No real surprises, but lots of great data was collected on the cruise. One of the the major objectives of the cruise was to confirm that the Great Belt as seen from satellites really was due to massive numbers of coccolithophores. This has been confirmed. We will know a lot more of the details as the data analysis is completed. Please see Rebecca’s blog for more details on the major findings of the cruise.
2. Does the cold weather affect your testing?
It is always more pleasant working on deck when the water and air is warm. Once we got above 30 degrees south the weather was very nice. The rosette was also on a track that pulled the sample bottles into the aft hanger of the ship and out of the weather for sampling. Once the samples get into the lab the weather doesn’t have a big impact on the analysis. We do need to be aware of the temperature of the samples when they were collected. For some measurements, like pH, the measured value changes with temperature. This is particularly true of anything that changes with time. Rates of chemical and biological reactions are very temperature dependent.
3. Why is phosphate limiting is freshwater?
The limiting reagent is what runs out first. In lakes some species of algae can fix nitrogen from the air to meet their nitrogen requirements as nitrate gets low. Phosphate only comes from runoff into the lakes, and so it is usually limiting. In many parts of the ocean iron is limiting because the very low solubility of iron in seawater.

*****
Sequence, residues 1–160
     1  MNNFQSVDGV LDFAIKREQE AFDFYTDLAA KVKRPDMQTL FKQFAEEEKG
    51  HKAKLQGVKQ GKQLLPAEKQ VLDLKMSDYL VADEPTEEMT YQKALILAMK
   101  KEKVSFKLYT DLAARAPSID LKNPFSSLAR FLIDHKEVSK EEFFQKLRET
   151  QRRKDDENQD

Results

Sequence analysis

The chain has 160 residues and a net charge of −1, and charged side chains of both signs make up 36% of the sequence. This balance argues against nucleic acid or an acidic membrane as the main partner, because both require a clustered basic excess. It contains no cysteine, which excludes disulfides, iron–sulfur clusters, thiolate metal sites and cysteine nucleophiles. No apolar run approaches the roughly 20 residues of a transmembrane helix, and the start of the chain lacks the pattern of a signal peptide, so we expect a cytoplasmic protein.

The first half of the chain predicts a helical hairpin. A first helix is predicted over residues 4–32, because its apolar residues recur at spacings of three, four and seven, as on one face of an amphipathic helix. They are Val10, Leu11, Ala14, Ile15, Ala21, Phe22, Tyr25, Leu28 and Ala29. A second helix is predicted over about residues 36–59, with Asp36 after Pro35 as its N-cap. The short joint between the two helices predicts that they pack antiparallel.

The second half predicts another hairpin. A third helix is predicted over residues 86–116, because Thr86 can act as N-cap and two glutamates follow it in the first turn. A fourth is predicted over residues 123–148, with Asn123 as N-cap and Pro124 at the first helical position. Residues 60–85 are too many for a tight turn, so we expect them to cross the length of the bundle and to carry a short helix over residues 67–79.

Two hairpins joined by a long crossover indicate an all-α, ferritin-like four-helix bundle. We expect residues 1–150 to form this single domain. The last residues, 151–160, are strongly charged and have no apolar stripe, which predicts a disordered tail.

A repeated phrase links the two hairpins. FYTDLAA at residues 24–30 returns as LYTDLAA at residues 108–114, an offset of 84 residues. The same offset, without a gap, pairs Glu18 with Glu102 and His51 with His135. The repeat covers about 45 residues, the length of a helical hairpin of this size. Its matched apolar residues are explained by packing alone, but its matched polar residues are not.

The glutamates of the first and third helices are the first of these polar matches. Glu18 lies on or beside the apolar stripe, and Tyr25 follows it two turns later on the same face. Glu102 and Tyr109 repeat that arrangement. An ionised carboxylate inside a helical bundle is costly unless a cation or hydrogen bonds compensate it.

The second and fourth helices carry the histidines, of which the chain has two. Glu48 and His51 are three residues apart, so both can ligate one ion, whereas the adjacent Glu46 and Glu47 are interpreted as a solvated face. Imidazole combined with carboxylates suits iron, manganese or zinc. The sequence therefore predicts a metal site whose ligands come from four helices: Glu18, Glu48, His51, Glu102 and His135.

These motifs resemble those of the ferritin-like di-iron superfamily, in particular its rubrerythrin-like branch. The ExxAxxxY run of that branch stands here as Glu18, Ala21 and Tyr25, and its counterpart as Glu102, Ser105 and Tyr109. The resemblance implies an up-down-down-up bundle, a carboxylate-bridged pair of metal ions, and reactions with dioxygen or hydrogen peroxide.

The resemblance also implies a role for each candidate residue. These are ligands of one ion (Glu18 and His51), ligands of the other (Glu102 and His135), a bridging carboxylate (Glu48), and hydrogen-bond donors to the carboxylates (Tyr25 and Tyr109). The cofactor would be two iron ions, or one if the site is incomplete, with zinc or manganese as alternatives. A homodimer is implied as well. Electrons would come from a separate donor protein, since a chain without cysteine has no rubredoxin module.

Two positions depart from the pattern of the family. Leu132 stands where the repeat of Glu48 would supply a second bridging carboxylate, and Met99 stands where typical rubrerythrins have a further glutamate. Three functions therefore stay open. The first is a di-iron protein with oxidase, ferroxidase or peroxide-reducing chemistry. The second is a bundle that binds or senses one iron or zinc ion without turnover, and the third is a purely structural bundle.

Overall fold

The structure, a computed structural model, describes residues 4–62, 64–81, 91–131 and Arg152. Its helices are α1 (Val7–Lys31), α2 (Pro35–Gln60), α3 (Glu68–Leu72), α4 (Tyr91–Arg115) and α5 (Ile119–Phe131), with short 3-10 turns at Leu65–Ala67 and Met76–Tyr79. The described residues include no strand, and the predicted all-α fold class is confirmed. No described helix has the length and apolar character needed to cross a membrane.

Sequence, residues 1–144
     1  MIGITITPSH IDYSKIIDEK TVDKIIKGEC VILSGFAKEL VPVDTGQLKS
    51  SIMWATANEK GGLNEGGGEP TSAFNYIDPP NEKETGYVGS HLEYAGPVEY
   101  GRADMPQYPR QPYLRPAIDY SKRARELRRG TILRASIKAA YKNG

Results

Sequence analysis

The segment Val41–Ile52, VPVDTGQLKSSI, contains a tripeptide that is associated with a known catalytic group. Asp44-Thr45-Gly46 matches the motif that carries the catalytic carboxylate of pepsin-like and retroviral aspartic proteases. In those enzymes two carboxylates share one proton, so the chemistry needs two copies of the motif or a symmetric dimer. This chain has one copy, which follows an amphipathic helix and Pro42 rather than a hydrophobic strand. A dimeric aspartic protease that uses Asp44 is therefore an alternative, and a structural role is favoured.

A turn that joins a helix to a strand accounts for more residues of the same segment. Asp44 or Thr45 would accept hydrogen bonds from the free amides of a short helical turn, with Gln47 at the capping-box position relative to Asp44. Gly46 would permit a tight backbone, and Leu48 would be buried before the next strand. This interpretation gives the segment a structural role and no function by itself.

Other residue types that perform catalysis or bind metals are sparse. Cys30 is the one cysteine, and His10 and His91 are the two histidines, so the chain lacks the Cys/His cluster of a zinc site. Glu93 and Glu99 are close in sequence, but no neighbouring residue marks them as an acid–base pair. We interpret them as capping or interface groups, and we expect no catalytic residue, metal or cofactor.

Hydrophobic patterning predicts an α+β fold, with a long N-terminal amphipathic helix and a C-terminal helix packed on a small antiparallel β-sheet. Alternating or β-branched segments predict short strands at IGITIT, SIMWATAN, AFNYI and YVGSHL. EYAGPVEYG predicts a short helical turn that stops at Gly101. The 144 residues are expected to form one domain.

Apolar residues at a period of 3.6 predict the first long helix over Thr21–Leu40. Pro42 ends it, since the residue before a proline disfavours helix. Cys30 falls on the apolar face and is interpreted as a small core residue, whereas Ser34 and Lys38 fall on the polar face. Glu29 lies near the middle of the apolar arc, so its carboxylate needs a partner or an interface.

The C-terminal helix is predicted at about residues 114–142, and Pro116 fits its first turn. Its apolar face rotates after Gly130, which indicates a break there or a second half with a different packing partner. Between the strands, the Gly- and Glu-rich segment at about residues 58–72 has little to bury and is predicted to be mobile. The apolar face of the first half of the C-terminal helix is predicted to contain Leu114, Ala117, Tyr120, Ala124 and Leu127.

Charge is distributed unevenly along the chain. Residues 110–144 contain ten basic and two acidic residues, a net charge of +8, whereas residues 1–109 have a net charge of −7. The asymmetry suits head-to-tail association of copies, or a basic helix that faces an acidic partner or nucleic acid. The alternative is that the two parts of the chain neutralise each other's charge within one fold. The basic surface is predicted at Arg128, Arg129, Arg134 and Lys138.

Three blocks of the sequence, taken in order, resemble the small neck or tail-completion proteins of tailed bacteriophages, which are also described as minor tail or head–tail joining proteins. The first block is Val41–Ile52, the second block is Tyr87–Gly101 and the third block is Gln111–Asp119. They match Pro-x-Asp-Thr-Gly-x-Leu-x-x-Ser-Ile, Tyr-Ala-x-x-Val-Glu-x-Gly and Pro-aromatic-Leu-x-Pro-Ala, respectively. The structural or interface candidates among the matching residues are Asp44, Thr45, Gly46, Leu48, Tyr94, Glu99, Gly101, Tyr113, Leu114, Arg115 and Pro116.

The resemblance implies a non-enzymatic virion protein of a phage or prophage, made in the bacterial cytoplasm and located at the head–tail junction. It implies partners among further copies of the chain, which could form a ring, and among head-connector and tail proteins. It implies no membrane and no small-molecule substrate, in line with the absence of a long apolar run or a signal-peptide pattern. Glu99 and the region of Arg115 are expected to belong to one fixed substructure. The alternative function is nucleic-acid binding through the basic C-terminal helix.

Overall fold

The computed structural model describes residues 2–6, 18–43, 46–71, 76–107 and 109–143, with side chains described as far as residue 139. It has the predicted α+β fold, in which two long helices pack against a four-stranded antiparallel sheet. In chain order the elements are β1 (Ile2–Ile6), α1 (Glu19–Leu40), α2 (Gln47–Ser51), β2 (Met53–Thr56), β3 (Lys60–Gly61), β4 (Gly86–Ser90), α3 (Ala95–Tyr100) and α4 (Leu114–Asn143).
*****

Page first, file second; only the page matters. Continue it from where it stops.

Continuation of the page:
4. Do you get tired of the ocean?
Yes, we were all very excited to get to Cape Town. We miss our friends and families, and have lots of other non-cruise things that we must attend to back on land.
5. What does WHOI stand for? ( I know its Wood Hole Oceangraphic Institute, We actually visit in the spring.) Will any of your results be there when we visit?
You are correct that WHOI stands for Woods Hole Oceanographic Institution. Two WHOI researchers were on the cruise and I am certain that they would be happy to talk to your class if they are at WHOI during your visit.
6. Do people usually get sea sick on the trip?
Yes, we were very lucky that we did not get any really rough weather during the cruise and only a few scientists felt sick for a few days during the cruise. I get really sea-sick and took the Coast Guard Cocktail for most of the cruise to prevent sea-sickness.
7. Do you ever get tired because of your hours?
Of course, the combination of long hours and no days off can be very tiring. In the beginning the excitement of the cruise keeps you going. By the end of 37 days everyone was looking forward to getting of the ship.
8. Why do you filter the water?
The particles in water are made of living and dead organisms and inorganic particles like dust. The chemistry and biology of these particles can be very different than the dissolved molecules in seawater. The particles can also sink making then the conveyor belt for moving material from the surface to the deep ocean.